The use of a logo did not appear to be of tantamount importance for most of DHBC's century-long existence.
Several variations of a DHBC logo have come and gone, with many existing side by side. I hope to show some of these variations which have come to light.
During the first decade and a bit of the club's existence, there appears to be no emphasis on a semblance of corporate identity or use of a club logo. I have seen quite a bit of club correspondence but no logo was used at the time. If and when I come across something, I will post it here.
The first ever rendition of a DHBC club logo appeared in a letter from the club to Ashfield Council around 1922 regarding the use of the cycle track at Pratten Park, Ashfield. Even though this was used on official club letterhead at the time, it appeared to factor little within the rest of the club. No rendition of this badge was ever adapted for club jerseys (might have been too expensive to produce at the time) or on other club paraphernalia.
In 2013, the retro arm of the DHBC, the Valley Wheelers, reproduced a very limited run of this logo for their retro wool jerseys.
The idea of club corporate identity was not as strong as it is nowadays. Many variations of images were used to signify the club. In the late 40s and into the 1950s, the following image was found on official club letterhead.
In the 1960s, its notorious 6-seater tandem bicycle played a prominent role in club life. The machine was used regularly in state-based parades and events and proved to be a popular local attraction. For more info on the 6-seater tandem, see: http://dhbc.org.au/forum/viewtopic.php?f=9&t=4754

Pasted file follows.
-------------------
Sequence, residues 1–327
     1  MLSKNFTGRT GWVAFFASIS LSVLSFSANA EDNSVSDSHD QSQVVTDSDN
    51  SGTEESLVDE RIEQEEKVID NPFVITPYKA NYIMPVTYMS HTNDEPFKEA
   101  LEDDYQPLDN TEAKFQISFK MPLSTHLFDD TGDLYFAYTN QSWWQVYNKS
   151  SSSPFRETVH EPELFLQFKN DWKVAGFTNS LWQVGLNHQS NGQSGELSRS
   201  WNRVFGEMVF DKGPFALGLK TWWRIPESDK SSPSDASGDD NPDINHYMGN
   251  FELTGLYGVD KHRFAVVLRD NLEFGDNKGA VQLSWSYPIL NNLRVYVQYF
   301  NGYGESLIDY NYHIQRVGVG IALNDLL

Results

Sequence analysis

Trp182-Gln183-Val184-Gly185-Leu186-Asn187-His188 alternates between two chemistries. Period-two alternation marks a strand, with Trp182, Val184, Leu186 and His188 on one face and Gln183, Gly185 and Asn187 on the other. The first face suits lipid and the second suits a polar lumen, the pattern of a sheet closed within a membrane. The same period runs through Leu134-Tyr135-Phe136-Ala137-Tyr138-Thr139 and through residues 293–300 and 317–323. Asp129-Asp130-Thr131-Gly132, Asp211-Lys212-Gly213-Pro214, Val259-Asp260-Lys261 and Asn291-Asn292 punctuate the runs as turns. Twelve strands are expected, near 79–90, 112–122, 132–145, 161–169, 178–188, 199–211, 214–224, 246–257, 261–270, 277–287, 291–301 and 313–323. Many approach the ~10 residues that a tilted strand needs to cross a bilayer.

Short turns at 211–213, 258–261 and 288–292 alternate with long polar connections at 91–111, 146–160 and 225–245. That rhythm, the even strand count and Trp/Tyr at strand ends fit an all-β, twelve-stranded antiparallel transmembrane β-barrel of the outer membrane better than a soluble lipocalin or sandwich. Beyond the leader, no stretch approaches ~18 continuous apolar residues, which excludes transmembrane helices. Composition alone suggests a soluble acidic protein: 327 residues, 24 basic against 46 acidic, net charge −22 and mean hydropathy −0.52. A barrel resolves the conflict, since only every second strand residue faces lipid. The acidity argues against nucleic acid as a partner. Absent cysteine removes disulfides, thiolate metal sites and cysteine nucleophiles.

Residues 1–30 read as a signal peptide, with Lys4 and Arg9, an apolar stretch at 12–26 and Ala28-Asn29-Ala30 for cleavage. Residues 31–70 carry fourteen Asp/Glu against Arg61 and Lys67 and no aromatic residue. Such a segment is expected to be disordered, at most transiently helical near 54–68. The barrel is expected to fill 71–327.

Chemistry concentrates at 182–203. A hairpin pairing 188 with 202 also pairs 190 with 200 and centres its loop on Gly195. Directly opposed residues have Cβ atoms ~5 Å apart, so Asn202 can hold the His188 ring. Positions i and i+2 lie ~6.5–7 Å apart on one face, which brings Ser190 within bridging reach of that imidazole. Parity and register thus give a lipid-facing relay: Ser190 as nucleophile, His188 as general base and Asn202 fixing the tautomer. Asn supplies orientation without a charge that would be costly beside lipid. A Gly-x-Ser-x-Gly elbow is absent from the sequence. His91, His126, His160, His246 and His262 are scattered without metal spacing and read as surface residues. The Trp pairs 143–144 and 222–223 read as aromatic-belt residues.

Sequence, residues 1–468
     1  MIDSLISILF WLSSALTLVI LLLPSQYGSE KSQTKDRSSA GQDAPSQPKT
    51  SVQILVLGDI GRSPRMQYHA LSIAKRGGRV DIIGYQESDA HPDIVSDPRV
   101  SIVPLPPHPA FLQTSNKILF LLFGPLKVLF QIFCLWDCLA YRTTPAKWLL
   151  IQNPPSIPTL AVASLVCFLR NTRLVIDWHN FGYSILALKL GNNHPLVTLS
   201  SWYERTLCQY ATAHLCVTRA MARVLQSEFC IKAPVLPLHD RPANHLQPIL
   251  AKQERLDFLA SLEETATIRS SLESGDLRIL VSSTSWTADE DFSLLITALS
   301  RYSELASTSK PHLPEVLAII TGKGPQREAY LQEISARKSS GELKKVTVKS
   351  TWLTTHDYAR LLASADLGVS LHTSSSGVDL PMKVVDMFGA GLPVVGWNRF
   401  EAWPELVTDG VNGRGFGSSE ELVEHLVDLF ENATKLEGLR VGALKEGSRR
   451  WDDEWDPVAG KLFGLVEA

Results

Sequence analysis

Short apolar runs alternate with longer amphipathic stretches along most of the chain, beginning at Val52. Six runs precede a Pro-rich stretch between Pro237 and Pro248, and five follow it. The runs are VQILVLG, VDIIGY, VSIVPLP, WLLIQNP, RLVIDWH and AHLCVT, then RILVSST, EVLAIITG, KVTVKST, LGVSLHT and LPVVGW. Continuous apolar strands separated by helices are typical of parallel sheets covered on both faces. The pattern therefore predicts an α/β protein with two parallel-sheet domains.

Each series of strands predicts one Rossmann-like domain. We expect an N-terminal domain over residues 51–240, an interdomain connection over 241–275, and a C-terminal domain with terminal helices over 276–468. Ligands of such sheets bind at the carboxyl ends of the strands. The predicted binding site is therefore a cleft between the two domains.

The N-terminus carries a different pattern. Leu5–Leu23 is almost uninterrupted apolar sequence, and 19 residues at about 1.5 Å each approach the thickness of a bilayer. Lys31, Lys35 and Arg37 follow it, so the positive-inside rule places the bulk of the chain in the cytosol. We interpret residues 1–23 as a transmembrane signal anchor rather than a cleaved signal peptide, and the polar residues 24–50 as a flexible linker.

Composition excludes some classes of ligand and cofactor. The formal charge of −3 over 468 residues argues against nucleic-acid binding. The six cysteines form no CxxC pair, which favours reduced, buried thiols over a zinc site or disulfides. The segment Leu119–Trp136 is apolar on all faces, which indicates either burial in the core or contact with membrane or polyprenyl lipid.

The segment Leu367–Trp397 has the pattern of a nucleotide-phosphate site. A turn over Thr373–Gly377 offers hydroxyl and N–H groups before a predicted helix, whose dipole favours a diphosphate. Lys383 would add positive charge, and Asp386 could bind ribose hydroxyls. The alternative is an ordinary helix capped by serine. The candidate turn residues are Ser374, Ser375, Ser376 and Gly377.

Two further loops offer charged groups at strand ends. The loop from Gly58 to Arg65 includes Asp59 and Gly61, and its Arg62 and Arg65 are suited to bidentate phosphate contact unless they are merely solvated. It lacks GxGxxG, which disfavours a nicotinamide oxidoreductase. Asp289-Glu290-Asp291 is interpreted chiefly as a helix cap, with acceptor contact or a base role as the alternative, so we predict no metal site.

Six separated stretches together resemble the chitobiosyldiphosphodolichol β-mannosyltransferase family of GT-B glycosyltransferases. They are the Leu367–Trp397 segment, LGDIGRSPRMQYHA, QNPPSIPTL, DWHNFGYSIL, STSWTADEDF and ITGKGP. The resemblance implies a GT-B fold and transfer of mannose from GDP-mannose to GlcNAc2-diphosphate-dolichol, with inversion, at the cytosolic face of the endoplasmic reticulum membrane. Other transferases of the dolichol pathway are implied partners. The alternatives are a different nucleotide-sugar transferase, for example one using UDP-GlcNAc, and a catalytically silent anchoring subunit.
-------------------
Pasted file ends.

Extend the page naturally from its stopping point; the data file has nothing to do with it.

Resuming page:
Mick Mazza said the club regularly did publicity rides up and down Marrickville Road to attract new members to the club during this period. So by the mid to late 1960s, the monthly publication, 'The Dulwich Hill Diary' featured the 6-seater tandem. (p.s. I believe this tandem drawing was done by Mick Mazza. Back in 2016 he made reference to doing little drawings for a publication but was unsure where it was published).
By the early 1960s, the club again tried to update its logo. Around 1963 the club was using a new logo (see glass below). It was not used extensively, but did appear again 21 years later at the club's 76th anniversary celebrations in 1984. However the use of this new logo did not catch on and appeared to die a slow death by the 1990s.
After the war, several major changes were made to club kit. For one the circled 'DH' logo was adopted for the first time. I suspect this was not a club initiative but one directed from the NSW peak body, the NSW Amateur Cyclists' Union (now CyclingNSW). Many clubs adopted similar styled logos such as a circled M for the Marrickville Bicycle Club (defunct) and the P for the Petersham Bicycle Club (defunct). I believe this was done so, so that Commissaires could identify individual club competitors and teams.
This circled DH logo inadvertently will remain the mainstay logo in the club until the early 2000s.
Minor changes took place after 2008 largely because the club commissioned the design and production of official club kit. In 2008 the first batch of lycra jerseys were produced by the DHBC committee. A variation of the circled DH logo was used but this time also including BC within circles too.
The history of the DHBC logo, 1908 to present day
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